Reading 14: Cause your friends don’t code and if they don’t code, well they’re no friends of mine

As part of the Computer Science 4 All movement, many states are making changes to include computer science classes as part of their curriculum.  This has become a polarizing topic for some.  The group in favor of more computer science education opportunities in schools argues that as the world becomes more technologically integrated, people should have a better understanding of how the devices we use everyday work.  Not only will this give everyday people an idea as to how their devices work, but it could inspire more kids to go into computer science, helping to fill the many computer science related jobs currently out there.

The other side of this argument is concerned about people getting into this field for the wrong reasons.  The article titled, “Please Don’t Learn To Code” talks about how the Silicon Valley lifestyle is overly glamorized.  And that if you did not get a traditional computer science degree, it is very hard to make that leap from learning to code to making money as a software programmer.  Their main concern is that this huge push to make everyone learn to code will not pay off.  My problem with this argument is that I really do not see how it could hurt to have kids take at least one programming class before leaving high school.  I was forced to take things like History, Biology, and English, so why not additionally have everyone take a coding class?  I’m not sure if taking a coding class before going to college would have affected me in any way, but it might have an impact on someone else.  I, for some reason, used to think “I don’t think computer science would interest me”.  But sometimes people just form these types of ideas and we get stuck in our ways.  If I had been forced to take a computer science class sooner, I would have had a very different opinion about it because I would have realized how much fun it is.  I do think that making programming more accessible to kids at younger grade levels is very important and is an initiative that schools should be taking.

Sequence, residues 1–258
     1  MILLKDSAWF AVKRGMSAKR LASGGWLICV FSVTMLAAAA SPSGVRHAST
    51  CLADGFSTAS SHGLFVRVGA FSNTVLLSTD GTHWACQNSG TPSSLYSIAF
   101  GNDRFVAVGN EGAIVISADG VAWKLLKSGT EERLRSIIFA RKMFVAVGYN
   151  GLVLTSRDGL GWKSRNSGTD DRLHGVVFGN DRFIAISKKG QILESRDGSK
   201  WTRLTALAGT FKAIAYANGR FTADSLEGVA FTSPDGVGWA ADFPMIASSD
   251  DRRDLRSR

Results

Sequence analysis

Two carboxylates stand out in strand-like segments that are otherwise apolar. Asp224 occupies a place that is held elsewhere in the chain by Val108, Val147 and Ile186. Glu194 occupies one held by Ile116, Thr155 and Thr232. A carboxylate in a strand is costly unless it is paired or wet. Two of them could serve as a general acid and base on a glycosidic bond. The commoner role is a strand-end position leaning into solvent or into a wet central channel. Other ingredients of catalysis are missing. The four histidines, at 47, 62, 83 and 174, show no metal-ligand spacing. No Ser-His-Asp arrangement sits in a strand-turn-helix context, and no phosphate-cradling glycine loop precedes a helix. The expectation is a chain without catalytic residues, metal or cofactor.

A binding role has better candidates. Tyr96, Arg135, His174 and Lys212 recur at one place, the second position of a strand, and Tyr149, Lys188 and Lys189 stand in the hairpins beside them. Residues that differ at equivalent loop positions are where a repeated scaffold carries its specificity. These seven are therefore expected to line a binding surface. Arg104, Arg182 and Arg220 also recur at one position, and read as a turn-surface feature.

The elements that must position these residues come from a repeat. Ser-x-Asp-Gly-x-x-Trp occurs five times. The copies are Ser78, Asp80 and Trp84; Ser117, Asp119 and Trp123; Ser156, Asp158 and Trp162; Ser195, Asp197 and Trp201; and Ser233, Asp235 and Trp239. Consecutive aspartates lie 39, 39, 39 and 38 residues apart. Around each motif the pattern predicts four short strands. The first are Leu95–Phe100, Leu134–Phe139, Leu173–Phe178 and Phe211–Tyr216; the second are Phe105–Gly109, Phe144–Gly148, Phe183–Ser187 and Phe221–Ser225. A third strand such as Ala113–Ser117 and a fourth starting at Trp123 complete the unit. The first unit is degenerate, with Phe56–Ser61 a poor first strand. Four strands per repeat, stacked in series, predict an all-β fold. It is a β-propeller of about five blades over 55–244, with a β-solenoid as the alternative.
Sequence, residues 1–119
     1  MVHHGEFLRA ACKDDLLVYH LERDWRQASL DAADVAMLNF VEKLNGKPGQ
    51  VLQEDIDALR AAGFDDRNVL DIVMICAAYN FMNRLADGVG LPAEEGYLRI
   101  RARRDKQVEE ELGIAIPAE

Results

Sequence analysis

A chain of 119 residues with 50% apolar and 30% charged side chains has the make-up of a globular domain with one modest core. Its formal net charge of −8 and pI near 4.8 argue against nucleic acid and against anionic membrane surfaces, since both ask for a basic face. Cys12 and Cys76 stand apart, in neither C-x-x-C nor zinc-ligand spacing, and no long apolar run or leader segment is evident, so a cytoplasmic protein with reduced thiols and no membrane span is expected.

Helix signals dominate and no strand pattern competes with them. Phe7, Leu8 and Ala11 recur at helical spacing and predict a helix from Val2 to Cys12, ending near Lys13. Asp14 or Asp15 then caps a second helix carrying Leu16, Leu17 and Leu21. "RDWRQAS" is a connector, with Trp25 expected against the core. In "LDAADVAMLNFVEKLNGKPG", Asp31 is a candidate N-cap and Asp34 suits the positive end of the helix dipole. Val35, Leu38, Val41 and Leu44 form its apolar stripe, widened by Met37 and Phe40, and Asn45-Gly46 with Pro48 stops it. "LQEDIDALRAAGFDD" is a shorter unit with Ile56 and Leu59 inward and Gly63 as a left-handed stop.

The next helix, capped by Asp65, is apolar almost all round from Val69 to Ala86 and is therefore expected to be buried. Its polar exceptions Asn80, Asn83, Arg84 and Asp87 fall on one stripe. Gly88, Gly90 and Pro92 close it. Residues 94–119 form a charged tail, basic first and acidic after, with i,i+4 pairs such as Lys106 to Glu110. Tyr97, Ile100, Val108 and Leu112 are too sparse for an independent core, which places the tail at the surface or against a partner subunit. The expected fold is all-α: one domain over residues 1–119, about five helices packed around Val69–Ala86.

Can anyone learn to program?  My first response to this is yes.  But, this may be because I already know how to program and it seems intuitive at this point.  But after spending a very long summer trying to help my mom through her company’s R Cloud optional training class, I realize that not everyone finds this skill as intuitive as I do.  Should everyone learn to program?  This question is a bit trickier.  What I do believe is that everyone that want to learn to code should have the opportunity to do so.  Additionally, everyone should have an understanding as to what it means to build and write code.  A lot of times people do not want to learn because they see learning to code as this huge impossible task.  But, if more people had an understanding of how coding really works, I think there would be a lot more people in computer science classes.